IRS Payments Abound in July, But Frustration Persists for Those Waiting for a Tax Refund
July was a productive month for the IRS when it came to making payments to taxpayers. Yet frustration continues to boil over for those still awaiting reimbursement on tax returns that have yet to be processed.
The IRS announced on July 28 that 1.5 million additional taxpayers received reimbursements averaging over $ 1,600. The refunds, which involve unemployment compensation adjustments, are tied to the American Rescue Plan Act of 2021. When it became law on March 11, after many taxpayers had already filed their tax returns, the one of the provisions excluded up to $ 10,200 in 2020 unemployment compensation from the calculation of taxable income.
Through four rounds of refunds linked to unemployment compensation adjustments, more than 8.7 million refunds have been issued, for a total of $ 10 billion. The IRS said more tax returns are expected to be adjusted over the summer, adding that it started with the simplest tax returns and now goes through the more complex ones.
According to the IRS, “Taxpayers will typically receive letters from the IRS within 30 days of the adjustment, notifying them of the type of adjustment that has been made (such as a refund, payment of an IRS debt payment). or a payment set-off for other authorized debts) and the amount of the adjustment.
No more EIP payments made
A week earlier, IRS announces progress on economic impact payments, claiming that more than 2.2 million additional payments had been sent, bringing the total US bailout disbursements to more than 171 million, with a total value exceeding $ 400 billion.
The final batch included payments for people who had recently filed a tax return, as well as “higher” payments for those who received payments based on their 2019 tax returns, but were eligible for payments. new or larger after their 2020 returns are processed.
Beginning of advance payments of the child tax credit
On July 15, the IRS announced that about 35 million families had received the initial monthly child tax credit payments, with a payout worth about $ 15 billion. Child Tax Credit (CCTA) advance payments are expected to continue until December, with the next set for August 13. You will find more details on the ACTC on the IRS website.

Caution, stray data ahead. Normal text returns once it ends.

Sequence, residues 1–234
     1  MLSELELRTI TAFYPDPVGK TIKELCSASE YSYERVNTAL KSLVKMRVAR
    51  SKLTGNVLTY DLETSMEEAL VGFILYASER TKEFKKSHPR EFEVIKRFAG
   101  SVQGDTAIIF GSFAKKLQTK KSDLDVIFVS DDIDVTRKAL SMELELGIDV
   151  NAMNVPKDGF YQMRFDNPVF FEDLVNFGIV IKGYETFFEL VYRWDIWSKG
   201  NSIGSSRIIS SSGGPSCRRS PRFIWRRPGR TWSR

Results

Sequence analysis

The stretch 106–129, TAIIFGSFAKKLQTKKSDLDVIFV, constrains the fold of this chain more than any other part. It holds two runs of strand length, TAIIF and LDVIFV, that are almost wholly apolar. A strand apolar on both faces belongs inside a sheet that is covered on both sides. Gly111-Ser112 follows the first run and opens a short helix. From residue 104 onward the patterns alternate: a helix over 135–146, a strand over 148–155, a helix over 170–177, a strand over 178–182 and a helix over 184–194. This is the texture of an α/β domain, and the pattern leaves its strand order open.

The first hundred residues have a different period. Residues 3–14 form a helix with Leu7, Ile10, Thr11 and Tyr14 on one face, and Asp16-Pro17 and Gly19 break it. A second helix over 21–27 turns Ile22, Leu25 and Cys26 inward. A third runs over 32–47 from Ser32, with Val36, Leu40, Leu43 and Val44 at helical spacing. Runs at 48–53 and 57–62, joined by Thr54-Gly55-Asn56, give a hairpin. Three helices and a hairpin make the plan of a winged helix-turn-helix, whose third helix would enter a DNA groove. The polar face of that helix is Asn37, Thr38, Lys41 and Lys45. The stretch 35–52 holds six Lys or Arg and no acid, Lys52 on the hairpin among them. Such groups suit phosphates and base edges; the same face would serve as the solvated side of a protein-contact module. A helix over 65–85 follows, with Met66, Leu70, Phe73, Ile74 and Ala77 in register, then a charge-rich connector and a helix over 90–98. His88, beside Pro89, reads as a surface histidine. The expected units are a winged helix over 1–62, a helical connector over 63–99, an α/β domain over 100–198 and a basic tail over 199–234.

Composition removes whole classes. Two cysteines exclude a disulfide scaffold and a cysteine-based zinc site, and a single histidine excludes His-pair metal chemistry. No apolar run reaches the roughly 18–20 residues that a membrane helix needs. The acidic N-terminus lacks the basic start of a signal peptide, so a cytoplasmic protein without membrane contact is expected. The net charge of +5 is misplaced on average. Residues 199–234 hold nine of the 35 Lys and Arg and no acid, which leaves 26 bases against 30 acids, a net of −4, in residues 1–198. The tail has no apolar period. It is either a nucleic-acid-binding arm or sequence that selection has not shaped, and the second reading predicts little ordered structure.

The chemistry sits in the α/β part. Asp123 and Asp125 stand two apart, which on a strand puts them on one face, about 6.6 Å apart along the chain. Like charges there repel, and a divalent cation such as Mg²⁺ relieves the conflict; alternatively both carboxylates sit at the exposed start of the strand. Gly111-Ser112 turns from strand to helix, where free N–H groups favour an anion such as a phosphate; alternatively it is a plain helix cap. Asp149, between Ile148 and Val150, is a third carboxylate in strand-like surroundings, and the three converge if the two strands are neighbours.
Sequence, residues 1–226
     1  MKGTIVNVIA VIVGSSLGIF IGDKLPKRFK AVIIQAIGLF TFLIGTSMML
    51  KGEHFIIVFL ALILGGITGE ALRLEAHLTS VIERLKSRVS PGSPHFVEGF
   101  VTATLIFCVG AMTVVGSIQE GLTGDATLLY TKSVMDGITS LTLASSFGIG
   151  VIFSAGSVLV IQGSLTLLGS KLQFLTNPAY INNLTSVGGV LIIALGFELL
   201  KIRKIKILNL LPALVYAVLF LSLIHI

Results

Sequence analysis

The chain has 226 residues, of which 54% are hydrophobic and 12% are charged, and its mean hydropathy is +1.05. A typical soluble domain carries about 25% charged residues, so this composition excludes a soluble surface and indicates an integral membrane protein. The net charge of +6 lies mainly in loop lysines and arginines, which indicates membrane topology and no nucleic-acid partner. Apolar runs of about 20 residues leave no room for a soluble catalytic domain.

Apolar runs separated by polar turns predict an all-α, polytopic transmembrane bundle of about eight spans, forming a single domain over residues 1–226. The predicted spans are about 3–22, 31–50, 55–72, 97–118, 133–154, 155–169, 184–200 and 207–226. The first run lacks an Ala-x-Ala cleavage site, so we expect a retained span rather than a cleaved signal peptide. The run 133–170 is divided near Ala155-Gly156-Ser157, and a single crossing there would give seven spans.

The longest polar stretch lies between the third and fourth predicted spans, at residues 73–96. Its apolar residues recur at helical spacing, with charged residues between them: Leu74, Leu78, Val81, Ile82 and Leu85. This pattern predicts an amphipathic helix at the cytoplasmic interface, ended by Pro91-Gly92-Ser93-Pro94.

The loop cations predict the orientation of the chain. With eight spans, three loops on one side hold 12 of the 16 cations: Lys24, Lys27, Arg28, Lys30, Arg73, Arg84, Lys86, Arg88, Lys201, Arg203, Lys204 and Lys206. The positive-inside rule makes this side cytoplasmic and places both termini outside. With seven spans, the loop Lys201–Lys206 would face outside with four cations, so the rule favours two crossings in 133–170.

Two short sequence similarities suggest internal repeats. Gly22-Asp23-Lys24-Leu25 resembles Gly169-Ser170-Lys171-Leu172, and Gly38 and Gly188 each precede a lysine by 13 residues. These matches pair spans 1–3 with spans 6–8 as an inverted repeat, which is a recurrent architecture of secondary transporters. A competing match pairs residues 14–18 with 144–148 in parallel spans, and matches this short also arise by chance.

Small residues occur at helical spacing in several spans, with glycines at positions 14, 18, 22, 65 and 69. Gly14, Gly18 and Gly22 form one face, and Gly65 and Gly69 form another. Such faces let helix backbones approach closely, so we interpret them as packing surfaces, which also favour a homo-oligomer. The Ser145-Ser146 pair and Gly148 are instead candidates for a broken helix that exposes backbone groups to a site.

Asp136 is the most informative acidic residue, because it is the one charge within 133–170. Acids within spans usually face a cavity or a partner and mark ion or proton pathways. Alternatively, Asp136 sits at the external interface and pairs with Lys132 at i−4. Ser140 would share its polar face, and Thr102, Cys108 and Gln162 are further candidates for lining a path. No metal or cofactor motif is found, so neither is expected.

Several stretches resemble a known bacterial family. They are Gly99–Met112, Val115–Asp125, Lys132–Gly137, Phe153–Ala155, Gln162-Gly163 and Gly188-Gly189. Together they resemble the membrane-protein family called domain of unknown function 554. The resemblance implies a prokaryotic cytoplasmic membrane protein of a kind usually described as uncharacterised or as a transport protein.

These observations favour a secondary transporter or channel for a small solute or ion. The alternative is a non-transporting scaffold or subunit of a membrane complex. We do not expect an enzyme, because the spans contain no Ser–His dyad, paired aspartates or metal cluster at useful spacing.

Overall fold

The IRS has also held events over three weekends (one in June and two in July) in various U.S. cities to help eligible families enroll in CCTA payments, particularly families who are normally not required to file an income tax return. New Registration tool for non-filers can help people register for both the early child tax credit and the economic impact payments.
A difficult relationship
Payments in July came on the heels of national taxpayer lawyer Erin Collins mid-year report to Congress, published at the end of June, which highlighted the myriad of problems faced by the IRS during the 2021 tax season, a period affected by the COVID-19 pandemic.
The report detailed an IRS backlog of more than 35 million personal and business tax returns that required manual processing. He also pointed to the IRS’s low “level of service” on its most frequently called toll-free number (the 1040 line), with only 3% of the roughly 85 million calls reaching a “phone assistant.” As Collins pointed out in his report, when such a small percentage of calls reach a person, “the problems remain unresolved and the frustration of taxpayers increases.”
The frustration continues
And speaking of frustration, a number of readers have reached out to me to share their experience of phone madness as they ask for their belated refunds or stimulus payments.
GK said, “I called the IRS and spoke with representatives who have very little reassurance that they say they can only answer general questions.”
BB said, “Every time I call the IRS, I get different answers from different people; it’s as if they have no idea.
DT said, “I can’t reach someone on the phone. “
In addition, the announcement of other payments issued by the IRS can understandably lead a frustrated taxpayer to wonder if the agency is making progress on the backlog of tax returns. According to “IRS Operations During COVID-19: Mission Critical Functions ContinueAs of July 31, the IRS had “13.8 million unfinished individual returns,” down from about 18 million in the first part of June.
Solve problems ?
In his report, Collins recommended a number of steps the IRS should take to address the various issues that have arisen this year, including extending callback technology to high-volume IRS phone lines. Collins has already made 73 recommendations in his year-end report; the IRS has agreed to implement 48 of them in whole or in part.
Unfortunately, while these changes may improve the performance of the IRS in the future, many people who are facing financial challenges need their funds now. As Collins noted in his report, “Over the next few months, the IRS needs to clear its backlog of tax returns and be up to date in handling its correspondence while focusing on rebuilding to become a more effective organization. efficient and taxpayer-focused. “
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